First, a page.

The media circus. It’s one of the hot topics NFL players and anonymous front-office execs have raised in the last few days when asked about openly gay NFL prospect Michael Sam. There will be such a “media circus” surrounding the soon-to-be NFL rookie, goes the story, that teams and players are afraid of selecting him in the NFL Draft this spring.
This has been the canard “experts” have used for years to explain why NFL teams might not want a gay player. The media strategy by Sam’s team from day one has taken aim at undermining the “media circus” rationalization, and we’re beginning to see its effect.
Just a few days after Sam’s big announcement, sports talk radio is moving past the topic. Sports Illustrated’s Web site has no mention of Sam in their top 20 stories; ESPN has one link. Popular sports blogs SBNation and Deadspin have a couple stories, but the coverage is fading fast.
The media is already tired of talking about Michael Sam. It was the plan from the very start.
“We’re letting the air out of the balloon before he ever steps foot on an NFL field,” said Howard Bragman, Sam’s publicist. “Our timing is the best thing that could have happened for these teams.”
Some talking heads have questioned Sam’s judgment in coming out before the NFL Draft. “He’ll hurt his draft stock,” has been the yarn spun by many of the “experts.” It’s easy to say that in the midst of the media circus that unfolded in the hours after his big public announcement Sunday afternoon. Those same people are starting to see the brilliance of making the announcement just a week after the Super Bowl, a full seven months before the start of the 2014 season. By the time the rubber hits the road, the story will be dead.
“Imagine what would happen if we did this after he was drafted,” Bragman said. “By doing this two weeks before the combine and three months before the draft, we’re letting people absorb this so everyone can have their say and move on.”
By the time the Draft rolls around in early May, the media will have been talking about Sam’s sexual orientation for three months. They will have interviewed hundreds of NFL players. They will have written ad nauseum about his background, growing up in Texas. His time as an openly gay player at Missouri will have been beaten to death. The effect of his sexual orientation on his draft stock, the “locker room issue,” his relationships – all of it will have been covered extensively.
After just three days, many in the media are already tired of talking about it. The Scott & BR radio show out of San Diego lamented when I was the on the air with them yesterday: “Can we get back to talking football?” There are only so many times you can talk about “the reaction to Michael Sam coming out.” We’ve already moved on to focusing on the reaction to the reaction.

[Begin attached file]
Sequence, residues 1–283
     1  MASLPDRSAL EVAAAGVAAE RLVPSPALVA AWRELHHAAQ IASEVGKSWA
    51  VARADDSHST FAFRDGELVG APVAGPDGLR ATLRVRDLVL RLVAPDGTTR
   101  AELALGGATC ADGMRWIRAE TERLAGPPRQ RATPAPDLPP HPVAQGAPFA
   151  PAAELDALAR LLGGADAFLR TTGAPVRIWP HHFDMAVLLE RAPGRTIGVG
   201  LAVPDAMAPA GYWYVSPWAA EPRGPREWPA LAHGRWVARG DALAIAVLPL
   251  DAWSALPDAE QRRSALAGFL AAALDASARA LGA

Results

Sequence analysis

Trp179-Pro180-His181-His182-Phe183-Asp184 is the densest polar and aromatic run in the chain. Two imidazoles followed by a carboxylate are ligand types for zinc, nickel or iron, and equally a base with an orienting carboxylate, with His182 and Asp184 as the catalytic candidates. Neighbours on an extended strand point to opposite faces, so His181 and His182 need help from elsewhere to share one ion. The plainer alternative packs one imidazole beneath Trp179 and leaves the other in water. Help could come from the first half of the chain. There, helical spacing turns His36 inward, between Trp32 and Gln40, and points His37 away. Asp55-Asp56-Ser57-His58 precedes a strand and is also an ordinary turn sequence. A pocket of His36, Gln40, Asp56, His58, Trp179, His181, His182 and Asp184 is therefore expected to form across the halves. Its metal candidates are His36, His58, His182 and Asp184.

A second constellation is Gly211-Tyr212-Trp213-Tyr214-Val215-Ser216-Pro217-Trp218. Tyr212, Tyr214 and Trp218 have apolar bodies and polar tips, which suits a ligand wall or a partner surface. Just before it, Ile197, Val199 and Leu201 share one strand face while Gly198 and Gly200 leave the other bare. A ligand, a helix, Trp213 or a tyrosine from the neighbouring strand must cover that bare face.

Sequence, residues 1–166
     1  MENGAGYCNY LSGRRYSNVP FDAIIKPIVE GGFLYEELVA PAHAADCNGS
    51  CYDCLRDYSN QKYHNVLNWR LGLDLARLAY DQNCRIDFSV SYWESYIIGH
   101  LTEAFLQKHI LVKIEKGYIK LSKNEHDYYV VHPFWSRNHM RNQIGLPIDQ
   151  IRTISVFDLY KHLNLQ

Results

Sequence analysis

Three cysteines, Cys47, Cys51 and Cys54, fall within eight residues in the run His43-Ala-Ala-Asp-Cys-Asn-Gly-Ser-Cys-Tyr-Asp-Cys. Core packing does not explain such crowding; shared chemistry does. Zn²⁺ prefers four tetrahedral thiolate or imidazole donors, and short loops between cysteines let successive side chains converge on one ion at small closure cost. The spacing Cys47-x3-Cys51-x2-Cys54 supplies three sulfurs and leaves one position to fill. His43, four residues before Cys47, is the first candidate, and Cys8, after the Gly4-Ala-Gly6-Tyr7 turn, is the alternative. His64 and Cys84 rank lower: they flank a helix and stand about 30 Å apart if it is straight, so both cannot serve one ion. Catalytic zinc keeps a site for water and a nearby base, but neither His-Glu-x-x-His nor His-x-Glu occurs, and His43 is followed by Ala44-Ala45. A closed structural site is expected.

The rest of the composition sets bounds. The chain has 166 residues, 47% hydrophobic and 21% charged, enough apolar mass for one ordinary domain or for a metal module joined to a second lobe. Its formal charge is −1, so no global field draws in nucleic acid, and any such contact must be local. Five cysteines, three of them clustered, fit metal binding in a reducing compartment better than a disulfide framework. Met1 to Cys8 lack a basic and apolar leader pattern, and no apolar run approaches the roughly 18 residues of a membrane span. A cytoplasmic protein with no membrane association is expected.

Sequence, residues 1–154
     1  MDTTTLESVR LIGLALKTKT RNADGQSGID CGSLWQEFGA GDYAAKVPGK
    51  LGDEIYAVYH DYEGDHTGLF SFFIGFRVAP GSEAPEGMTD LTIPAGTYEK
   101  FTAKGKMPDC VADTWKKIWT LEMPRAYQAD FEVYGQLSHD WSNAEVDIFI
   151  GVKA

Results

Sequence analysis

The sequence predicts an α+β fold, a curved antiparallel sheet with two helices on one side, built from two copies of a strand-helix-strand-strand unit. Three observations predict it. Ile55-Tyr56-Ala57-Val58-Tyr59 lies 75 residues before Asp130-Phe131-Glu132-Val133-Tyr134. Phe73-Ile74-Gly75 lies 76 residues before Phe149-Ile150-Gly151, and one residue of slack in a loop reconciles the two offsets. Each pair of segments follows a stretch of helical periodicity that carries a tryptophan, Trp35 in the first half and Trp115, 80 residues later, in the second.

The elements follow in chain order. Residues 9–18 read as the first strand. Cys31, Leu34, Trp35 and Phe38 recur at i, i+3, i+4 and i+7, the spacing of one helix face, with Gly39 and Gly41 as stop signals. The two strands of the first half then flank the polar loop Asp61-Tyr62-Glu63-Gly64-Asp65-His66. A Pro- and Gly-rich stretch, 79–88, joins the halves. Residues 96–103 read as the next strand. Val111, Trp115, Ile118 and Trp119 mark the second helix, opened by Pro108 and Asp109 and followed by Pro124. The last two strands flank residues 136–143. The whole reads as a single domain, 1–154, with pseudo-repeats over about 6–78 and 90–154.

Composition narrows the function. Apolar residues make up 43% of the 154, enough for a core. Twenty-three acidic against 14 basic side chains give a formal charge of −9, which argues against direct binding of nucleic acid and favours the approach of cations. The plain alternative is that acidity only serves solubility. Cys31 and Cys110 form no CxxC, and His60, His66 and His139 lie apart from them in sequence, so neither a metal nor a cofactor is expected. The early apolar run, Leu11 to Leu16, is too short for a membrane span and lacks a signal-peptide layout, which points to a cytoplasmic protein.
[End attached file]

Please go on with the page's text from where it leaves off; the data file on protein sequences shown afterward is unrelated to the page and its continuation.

By May, Sam will have appeared in a press conference at the Combine. His team knows that a Chris Christie-length Q&A session – answering every question the media could have – will help leave no stone unturned. The media will have seen him out on the field at his Missouri Pro Day, participating along with teammates, another opportunity to ask the questions. Certainly there will be some questions around the Draft – yet another chance for the media to get it out of their system.
By the time he enters training camp with his new teammates – 23 weeks from now – the circus will be on a train headed to the next sensational story.
Certainly every step along Sam’s journey will break some new ground. In May, he’ll be the first openly gay player drafted by an NFL team. Later that month, he’ll be the first to participate in organized team activities. There will be his first practice, his first preseason game and his first regular-season game in September.
But those are one-day stories, if that. There may be a couple extra cameras, but there will be no circus. The media will have exhausted the story of Sam as a gay player and the focus will be on the football.
That’s been Sam’s focus since Monday. He knew he would have to spend some time talking about his sexual orientation with a few members of the media last week. He’ll have to engage in it again in small spurts in the coming months. Otherwise, he’s focused on football.
“The only person who doesn’t think there’s a media circus is Micahel Sam, who has been working on football 12 hours a day since the story broke,” Bragman said.
While some compare this to the distractions Tim Tebow brought to the team, the two couldn’t be more different. Sam won’t be tweeting about his sexual orientation and slipping his sexuality into every statement the way Tebow did with Jesus and the Bible. Tebow infused his religion into everything he did, praising god to the press, leading a very public team prayer after every game, kneeling before God after success on the field. For Sam, his sexual orientation is just part of him. He doesn’t feel the need to proselytize for the “gay cause.”
Unlike Tebow’s religion, Sam will not make his sexual orientation the story. Tebow invited the media attention; Sam is already doing what it takes to minimize its impact on his future team.
Come draft day, NFL teams will be smart to read the tea leaves: Evaluate Sam’s worth without fear of a media circus that’s already mostly run its course. If a team doesn’t heed the warning, he’ll be sacking their quarterback for a smarter team that “stole” him in the draft.
Cyd Zeigler is co-founder and editor of Outsports.com and helped break the Michael Sam story earlier this week. He has also contributed to Playboy, CNN and MSNBC, among others.
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